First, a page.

Interestingly, the predicted target site (more particularly the “seed” sequence) for miR-659 in the GRN 3’UTR is only conserved in humans, and is not found in other mammals including mouse and dog (e.g., see www.targetscan.org). Similarly, miR-659 is, at least for now, only found in humans. Interestingly, the GRN 3’UTR is quite short (approximately 300 bp in length). In comparison, the BACE1 and APP 3’UTRs, which equally have functional microRNA target sites, are approximately 4,000 bp and 2,000 bp in length, respectively.

    Overall, these findings provide novel and important clues into the development of FTLD-U. In addition, this study contributes to the potential role of microRNA pathways in the development of neurodegenerative disorders in human. I agree that relatively few patients were analyzed here to make definitive conclusions with regard to the biological relevance of these findings.

References

News Citations

  1. BACE in Alzheimer’s—Does MicroRNA Control Translation?
  2. Number 107: MicroRNA Gets to First BACE in AD Brain
  3. Birds of a Feather…Mutations in Tau Gene Neighbor Progranulin Cause FTD

Paper Citations

  1. . MicroRNAs in neurodegeneration. Curr Opin Neurobiol. 2008 Jun;18(3):292-6. PubMed.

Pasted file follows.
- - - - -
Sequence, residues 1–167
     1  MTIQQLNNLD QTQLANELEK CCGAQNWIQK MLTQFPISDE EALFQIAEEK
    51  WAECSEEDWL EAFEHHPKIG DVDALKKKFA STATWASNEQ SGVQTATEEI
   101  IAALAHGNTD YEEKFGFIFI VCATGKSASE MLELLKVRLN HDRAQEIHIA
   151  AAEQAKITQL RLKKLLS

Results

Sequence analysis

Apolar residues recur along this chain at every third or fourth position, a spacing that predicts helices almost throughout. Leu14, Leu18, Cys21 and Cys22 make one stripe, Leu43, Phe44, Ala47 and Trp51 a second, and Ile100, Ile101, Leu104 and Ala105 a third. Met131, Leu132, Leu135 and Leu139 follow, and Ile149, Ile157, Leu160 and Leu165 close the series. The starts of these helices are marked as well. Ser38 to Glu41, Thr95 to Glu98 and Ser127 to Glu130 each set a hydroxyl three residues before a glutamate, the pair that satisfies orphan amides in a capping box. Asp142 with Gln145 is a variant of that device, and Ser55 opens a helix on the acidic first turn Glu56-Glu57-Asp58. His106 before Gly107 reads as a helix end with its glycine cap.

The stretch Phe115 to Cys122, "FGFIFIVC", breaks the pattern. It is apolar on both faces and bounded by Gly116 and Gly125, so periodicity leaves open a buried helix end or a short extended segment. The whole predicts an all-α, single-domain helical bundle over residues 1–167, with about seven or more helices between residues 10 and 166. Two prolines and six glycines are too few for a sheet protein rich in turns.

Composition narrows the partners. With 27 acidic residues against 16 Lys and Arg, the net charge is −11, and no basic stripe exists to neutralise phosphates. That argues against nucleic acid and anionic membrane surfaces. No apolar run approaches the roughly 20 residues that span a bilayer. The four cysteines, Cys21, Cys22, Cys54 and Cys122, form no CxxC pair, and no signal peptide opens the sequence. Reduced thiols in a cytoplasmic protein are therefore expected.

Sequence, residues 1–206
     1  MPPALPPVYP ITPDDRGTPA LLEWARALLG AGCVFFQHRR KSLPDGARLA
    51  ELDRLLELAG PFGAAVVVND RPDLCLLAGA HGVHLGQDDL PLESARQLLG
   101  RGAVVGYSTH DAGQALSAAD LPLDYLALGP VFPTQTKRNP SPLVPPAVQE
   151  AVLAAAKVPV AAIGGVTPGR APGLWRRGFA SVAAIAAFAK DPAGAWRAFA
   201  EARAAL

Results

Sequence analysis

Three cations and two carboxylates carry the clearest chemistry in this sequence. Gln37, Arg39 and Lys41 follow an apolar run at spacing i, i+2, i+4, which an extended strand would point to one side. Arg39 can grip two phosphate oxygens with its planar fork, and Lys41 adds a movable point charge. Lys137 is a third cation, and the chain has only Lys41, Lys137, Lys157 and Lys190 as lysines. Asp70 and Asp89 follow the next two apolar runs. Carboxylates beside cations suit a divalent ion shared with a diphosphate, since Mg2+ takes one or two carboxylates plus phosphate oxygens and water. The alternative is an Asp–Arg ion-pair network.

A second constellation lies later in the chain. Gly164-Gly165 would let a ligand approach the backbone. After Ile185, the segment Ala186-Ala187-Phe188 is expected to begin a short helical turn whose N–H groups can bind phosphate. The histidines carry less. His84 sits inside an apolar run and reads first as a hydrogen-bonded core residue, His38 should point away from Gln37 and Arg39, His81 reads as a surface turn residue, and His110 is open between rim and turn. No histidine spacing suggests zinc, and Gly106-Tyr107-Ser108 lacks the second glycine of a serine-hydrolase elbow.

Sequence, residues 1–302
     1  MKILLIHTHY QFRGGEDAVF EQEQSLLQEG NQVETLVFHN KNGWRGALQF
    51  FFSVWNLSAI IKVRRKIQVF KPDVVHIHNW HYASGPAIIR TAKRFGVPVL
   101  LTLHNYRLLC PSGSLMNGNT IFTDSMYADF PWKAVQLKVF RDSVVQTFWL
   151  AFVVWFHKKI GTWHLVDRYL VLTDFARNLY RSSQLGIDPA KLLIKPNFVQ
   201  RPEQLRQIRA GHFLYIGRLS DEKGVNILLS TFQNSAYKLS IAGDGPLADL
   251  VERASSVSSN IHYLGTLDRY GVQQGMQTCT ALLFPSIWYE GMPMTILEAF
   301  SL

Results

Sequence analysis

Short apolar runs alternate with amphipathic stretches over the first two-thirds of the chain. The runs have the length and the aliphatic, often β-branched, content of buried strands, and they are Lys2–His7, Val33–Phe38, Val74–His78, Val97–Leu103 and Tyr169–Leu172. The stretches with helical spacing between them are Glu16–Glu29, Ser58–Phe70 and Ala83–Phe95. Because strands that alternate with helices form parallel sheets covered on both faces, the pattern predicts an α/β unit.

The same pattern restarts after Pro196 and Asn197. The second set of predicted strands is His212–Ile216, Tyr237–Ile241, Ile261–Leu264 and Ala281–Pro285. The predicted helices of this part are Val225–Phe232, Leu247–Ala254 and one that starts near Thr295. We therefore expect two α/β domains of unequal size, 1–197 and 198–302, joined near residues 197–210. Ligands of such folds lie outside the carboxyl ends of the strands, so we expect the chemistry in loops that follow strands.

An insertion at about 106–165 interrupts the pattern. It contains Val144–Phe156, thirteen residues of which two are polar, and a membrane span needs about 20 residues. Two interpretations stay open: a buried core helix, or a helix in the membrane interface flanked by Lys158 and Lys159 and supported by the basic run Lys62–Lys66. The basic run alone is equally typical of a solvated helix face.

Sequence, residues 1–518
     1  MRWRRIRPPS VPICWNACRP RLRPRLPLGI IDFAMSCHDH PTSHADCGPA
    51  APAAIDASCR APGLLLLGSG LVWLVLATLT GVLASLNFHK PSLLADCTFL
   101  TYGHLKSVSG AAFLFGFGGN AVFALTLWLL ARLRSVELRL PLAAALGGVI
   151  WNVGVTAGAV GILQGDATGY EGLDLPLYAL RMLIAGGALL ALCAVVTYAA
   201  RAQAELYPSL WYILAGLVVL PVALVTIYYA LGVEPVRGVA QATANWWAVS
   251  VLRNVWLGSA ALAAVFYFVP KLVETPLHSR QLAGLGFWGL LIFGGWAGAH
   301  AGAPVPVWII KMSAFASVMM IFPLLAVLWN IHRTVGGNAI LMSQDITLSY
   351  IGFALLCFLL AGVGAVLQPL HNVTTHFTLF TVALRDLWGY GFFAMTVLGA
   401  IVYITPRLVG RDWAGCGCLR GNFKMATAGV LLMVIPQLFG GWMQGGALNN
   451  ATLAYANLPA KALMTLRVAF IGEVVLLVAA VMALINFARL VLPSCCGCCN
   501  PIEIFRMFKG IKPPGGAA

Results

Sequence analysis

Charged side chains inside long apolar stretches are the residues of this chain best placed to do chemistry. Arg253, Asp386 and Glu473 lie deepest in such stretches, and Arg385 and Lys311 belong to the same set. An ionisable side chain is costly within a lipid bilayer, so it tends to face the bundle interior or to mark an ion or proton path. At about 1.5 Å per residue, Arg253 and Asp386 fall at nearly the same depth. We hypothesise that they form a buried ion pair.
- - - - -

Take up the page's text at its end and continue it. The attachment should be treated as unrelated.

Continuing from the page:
2. . Mutations in progranulin cause tau-negative frontotemporal dementia linked to chromosome 17. Nature. 2006 Aug 24;442(7105):916-9. PubMed.
  3. . Null mutations in progranulin cause ubiquitin-positive frontotemporal dementia linked to chromosome 17q21. Nature. 2006 Aug 24;442(7105):920-4. PubMed.
  4. . Mutations in progranulin are a major cause of ubiquitin-positive frontotemporal lobar degeneration. Hum Mol Genet. 2006 Oct 15;15(20):2988-3001. PubMed.
  5. . Progranulin functions as a neurotrophic factor to regulate neurite outgrowth and enhance neuronal survival. J Cell Biol. 2008 Apr 7;181(1):37-41. PubMed.
  6. . Progranulin (granulin-epithelin precursor, PC-cell-derived growth factor, acrogranin) mediates tissue repair and tumorigenesis. J Mol Med (Berl). 2003 Oct;81(10):600-12. PubMed.
  7. . Common variation in the miR-659 binding-site of GRN is a major risk factor for TDP43-positive frontotemporal dementia. Hum Mol Genet. 2008 Dec 1;17(23):3631-42. PubMed.

Further Reading

Papers

  1. . Common variation in the miR-659 binding-site of GRN is a major risk factor for TDP43-positive frontotemporal dementia. Hum Mol Genet. 2008 Dec 1;17(23):3631-42. PubMed.

Primary Papers

  1. . Common variation in the miR-659 binding-site of GRN is a major risk factor for TDP43-positive frontotemporal dementia. Hum Mol Genet. 2008 Dec 1;17(23):3631-42. PubMed.